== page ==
In total, there were 24 different types of holdings in the dataset. Of the 12,814 holdings in 2006 to 7,835 holdings in 2015, 91.6to 79.5% were registered as production herds (Table 1). The total number of active holdings decreased over the considered time period. The number of active production herds also decreased, whereas the number of other holding types such as breeding and multiplier herds and boar stations remained constant. The number of weaner herds and hobby herds increased over time (Table 1).

The median holding size increased between 2006 and 2015 (Fig 2, S1 File). The number of holdings in the category “holding size not available” was not equally distributed over time and ranged between 3% in 2008 and 15% in 2014. Breeding and multiplier herds, production herds and weaner herds were the holding types with the highest median holding sizes (S1 File).

thumbnail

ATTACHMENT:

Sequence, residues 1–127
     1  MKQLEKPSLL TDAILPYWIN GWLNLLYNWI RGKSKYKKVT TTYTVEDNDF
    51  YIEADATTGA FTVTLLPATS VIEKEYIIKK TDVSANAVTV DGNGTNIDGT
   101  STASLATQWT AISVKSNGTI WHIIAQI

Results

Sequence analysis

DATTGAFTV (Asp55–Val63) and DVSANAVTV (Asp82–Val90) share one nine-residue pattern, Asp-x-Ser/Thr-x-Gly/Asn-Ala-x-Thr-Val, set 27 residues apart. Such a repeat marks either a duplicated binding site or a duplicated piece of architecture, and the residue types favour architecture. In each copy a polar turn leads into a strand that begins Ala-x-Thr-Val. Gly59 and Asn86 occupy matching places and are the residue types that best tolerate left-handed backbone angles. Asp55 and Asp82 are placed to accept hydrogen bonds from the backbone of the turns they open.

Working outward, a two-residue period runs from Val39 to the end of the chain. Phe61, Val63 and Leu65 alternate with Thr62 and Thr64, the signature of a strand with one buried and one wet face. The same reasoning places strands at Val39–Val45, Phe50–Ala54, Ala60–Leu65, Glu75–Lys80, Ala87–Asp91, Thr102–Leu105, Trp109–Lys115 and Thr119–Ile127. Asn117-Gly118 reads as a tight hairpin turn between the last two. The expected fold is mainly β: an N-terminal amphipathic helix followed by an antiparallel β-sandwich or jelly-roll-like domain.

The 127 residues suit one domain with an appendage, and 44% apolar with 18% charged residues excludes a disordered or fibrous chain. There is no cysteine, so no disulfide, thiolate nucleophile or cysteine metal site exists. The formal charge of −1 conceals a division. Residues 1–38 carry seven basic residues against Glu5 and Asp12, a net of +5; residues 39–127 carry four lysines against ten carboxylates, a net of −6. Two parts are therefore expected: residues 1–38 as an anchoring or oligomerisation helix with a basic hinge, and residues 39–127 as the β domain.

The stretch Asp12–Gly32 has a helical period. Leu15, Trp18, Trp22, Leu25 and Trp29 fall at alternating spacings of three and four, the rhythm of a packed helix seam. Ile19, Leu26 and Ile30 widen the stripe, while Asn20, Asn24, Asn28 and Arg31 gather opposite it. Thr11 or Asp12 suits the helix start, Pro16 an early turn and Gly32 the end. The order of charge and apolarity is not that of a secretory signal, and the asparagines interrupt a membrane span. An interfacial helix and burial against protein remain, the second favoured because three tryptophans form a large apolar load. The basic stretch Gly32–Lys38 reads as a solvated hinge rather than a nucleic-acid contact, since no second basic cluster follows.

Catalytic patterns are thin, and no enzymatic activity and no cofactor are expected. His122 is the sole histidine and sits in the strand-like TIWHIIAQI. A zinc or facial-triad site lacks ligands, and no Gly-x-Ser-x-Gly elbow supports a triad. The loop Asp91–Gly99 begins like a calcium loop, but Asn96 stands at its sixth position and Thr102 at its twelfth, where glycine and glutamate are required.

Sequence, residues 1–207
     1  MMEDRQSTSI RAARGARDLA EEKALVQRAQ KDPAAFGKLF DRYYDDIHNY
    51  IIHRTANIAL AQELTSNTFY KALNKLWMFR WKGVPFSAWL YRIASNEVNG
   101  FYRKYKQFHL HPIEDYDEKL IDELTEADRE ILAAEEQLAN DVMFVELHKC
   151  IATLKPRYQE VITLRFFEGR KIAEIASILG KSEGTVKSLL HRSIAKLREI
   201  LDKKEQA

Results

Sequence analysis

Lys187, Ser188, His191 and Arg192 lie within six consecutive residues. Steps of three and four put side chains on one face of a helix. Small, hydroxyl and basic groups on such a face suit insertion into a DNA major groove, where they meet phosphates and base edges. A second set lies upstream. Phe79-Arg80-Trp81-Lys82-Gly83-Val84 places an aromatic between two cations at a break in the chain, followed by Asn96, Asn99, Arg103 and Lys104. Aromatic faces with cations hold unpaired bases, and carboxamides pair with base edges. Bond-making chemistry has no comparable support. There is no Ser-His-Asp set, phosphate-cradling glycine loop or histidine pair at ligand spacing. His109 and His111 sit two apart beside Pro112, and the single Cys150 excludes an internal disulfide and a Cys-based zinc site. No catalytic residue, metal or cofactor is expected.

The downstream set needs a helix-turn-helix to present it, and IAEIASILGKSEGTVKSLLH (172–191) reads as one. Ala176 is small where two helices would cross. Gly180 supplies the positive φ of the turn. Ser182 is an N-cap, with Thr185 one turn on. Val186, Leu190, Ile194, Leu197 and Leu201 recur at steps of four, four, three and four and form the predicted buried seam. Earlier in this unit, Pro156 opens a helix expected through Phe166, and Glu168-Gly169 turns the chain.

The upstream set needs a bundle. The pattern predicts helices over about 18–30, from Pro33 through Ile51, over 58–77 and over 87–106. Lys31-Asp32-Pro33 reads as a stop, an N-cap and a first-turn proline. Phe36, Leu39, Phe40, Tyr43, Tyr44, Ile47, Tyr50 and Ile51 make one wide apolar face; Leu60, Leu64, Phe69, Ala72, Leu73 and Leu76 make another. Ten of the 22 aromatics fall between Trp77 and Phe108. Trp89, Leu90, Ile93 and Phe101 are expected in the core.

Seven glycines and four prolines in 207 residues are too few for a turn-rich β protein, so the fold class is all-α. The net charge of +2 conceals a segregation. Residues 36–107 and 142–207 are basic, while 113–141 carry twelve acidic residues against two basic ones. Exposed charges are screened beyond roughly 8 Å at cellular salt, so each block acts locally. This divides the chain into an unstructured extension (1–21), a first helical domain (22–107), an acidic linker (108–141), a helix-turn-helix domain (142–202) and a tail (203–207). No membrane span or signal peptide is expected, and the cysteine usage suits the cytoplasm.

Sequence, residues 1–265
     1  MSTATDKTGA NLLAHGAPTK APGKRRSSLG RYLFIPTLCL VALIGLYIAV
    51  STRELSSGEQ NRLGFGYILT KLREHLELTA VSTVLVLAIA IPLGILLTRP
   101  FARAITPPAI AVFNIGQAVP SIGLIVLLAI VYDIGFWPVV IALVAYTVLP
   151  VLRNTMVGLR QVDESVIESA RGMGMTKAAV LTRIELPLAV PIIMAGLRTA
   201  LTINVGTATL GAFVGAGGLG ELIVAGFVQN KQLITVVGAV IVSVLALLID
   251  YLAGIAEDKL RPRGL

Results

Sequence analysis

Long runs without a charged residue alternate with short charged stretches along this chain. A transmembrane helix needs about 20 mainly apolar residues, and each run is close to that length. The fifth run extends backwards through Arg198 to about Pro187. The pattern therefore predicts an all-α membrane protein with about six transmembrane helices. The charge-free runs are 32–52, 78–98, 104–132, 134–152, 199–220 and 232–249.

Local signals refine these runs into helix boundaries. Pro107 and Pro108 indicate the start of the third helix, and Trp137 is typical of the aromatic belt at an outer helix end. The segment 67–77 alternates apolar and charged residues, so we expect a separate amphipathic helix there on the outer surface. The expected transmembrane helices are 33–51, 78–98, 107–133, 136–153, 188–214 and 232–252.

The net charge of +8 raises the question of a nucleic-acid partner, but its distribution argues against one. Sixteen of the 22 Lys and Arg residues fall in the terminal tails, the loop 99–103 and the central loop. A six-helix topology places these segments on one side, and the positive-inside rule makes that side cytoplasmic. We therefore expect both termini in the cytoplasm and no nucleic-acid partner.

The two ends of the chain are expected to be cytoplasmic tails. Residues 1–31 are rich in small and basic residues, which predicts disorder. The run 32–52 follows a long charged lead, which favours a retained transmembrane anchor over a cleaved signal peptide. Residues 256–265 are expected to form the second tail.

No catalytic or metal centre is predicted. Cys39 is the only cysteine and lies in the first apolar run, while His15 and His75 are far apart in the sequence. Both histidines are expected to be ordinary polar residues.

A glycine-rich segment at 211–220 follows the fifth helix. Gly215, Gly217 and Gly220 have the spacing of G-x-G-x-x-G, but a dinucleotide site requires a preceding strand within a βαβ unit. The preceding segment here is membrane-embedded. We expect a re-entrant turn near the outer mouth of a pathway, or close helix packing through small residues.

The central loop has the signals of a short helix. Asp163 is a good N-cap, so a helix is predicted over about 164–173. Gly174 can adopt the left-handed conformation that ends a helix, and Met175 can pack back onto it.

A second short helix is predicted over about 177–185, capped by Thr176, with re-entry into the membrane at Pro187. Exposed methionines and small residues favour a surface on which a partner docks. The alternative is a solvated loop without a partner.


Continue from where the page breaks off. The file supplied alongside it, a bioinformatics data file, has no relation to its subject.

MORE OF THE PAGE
Fig 2. Descriptive statistics of the examined data.

Figure (a) and (c) show the median (solid black line) and average (dashed black line) of holding sizes and of the number of pigs moved per pig movement sizes over time. Grey areas represent the range between 1st and 3rd quantile. Temporal trends of holding sizes for the investigated 24 holding types are shown in S1 File. Figure (b) shows the proportion of registered pig movements out of all possible movements in Denmark between 1st January 2006 and 31st December 2015 on daily base (green) and aggregated for 7 (dark blue), 14 (red), 28 (light blue) and 84 (grey) days.

https://doi.org/10.1371/journal.pone.0179915.g002

The overall frequency of pig movements decreased over time (Fig 2) at all levels of aggregation. Fewer movements are recorded on weekends and bank holidays. The weekly aggregated movements (7 days) showed occasional weeks with fewer movement frequencies reoccurring each year due to holidays. When looking at yearly pig movements by type of holding, the results showed: (1) a constant average number of movements were recorded out of breeding and multiplier herds and production herds, (2) a reduction of the average number of movements to slaughterhouses and rendering plants, (3) a reduction of the movements to transit sites, and (4) an increase in movements from weaner herds (S2 File).